Brainerd City Council: First reading held in advanced industrial demolition permit process
The permit process required before demolition is allowed in an industrial district could get a lot more detailed.
At its meeting Monday, the Brainerd City Council held the first reading of an amendment to the Zoning Ordinance that would lay out a more thorough process in obtaining a permit for demolition or decommission in industrial or mixed use districts.
Ultimately, it would give the city council more say and oversight in what happens during the demolition or decommission process.
The vote comes at the tail end of a four-month moratorium, which was placed at the council’s Dec. 3 meeting, halting demolition in industrial districts. It ends April 3.
The move was in response to the city receiving inquiries from contractors in regard to potential demolition of portions of the former Wausau Paper site.
Staff was concerned because the structures underground will limit the future of the site in building and extending utilities. Other concerns with demolition included: potential noise, vibrations, truck traffic, heavy dust and disposal of hazardous waste.
Since then the topic was sent to the planning commission to hash out a better process to approve demolitions. The current process is an over-the-counter demolition permit.
That leaves no room for the city to provide input or have a say in what happens in a decommissioning or demolition process.
“It’s inadequate to protect public health, safety and welfare concerning all of the potential negative impacts such demolitions could cause,” said City Planner Mark Ostgarden.
Should the proposed amendments be passed, anyone wanting to decommission or demolition property in an industrial or mixed use district must first apply for an interim use permit. Then, they must appear before the planning commission for a public hearing to explain how the decommissioning will happen and answer any questions.
The planning commission can then place any conditions it sees fit on the interim use permit “to protect the community,” Ostgarden said.
The commission will then pass the recommendation onto the full city council, which has the authority to approve or deny the permit.
The second reading and public hearing will be held at a special March 13 meeting at 6 p.m. If approved, the ordinance would take effect one week after publication.
The council agreed to work with Wausau officials in their request to expedite the process, so Wausau officials can begin the process in obtaining a permit. That’s why the council is holding the second reading at a special meeting instead of its next scheduled meeting.
Absent from the meeting was city council member Chip Borkenhagen.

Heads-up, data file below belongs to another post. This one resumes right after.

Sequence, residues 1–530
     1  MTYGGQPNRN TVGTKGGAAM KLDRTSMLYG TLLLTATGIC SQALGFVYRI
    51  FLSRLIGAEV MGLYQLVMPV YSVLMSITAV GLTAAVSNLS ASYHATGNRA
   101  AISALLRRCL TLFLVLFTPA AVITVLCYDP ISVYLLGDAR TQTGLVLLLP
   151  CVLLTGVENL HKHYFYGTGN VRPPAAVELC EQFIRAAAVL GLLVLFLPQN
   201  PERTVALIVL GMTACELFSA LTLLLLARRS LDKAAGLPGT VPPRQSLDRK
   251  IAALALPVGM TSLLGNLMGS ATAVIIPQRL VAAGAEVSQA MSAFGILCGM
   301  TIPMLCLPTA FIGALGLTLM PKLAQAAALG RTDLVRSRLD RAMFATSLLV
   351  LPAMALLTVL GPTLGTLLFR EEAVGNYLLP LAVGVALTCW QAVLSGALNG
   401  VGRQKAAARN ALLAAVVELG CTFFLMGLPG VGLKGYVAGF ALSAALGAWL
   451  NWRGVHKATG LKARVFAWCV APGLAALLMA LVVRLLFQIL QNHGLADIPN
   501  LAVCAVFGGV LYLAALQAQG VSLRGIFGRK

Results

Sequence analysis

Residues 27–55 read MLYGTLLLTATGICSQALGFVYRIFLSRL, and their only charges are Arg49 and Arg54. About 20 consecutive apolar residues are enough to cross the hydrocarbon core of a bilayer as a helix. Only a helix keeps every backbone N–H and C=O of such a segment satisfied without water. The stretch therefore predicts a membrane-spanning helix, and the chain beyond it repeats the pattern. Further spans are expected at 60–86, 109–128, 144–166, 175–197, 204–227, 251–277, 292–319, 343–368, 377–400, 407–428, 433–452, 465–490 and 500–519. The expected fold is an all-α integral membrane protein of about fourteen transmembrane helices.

In other news, the council:
Approved a request to keep firefighter Cory Zeien on staff until there is a definite decision made if and when fellow firefighter Charlie Dunemann returns to work after being out on Worker’s Compensation leave.
On December 16, 2013, the council approved retaining Zeien through March 14, 2014 or until Dunemann returns from leave. Zeien was hired originally through a SAFER grant, which the city re-applied for again and still hasn’t heard back if that application was granted.
Authorized staff to apply for a Conservation Partners Legacy Grant from the Department of Natural Resources. The Planning Department has been working with the local Rotary in effort to restore a portion of Rotary Riverside Park with native vegetation. The DNR grant can range from $5,000 to $50,000, but a 10 percent match is required. That 10 percent match will be provided by the Rotary.
Adopted a resolution receiving the feasibility report for the proposed improvements to 28th Street, and called for a public hearing at 7:30 p.m. April 7. The project will be between Oak Street and Highway 25. The estimated cost of the project is $419,000, of which about $162,000 is proposed to be assessed to properties located in the city of Brainerd, and another $42,750 will be charged to Oak Lawn Township for its share of the improvement cost.
Approved allowing the Parks and Recreation Department to buy a commercial rotary mower. With the trade-in of the existing mower, the final cost will be $15,342.
Approved the accounts payable/administrative specialist position at city hall to Darla Johnson. There were 50 applicants, of which seven were interviewed.
Appointed the following people to the Mississippi River Partnership Steering Committee: Jeff Behr, Howard Brewer, Marcia Ferris, Donald Gorman, Daniel Hegstad and Eric Roberts.
Was presented with the 11 applicant names for the vacant city council at-large seat. A special meeting will be held at 6 p.m. March 10, during which each will be allowed five minutes to talk. The council will then vote on who will fill the seat, with the majority vote winning the seat.
If there is a tie, the mayor will cast a vote between those in the tie.
Adjourned to a special Safety and Public Works Committee meeting at 4 p.m. March 11 in city council chambers. Adjourned to a special city council meeting at 6 p.m. March 10 to vote on a candidate for the open council seat.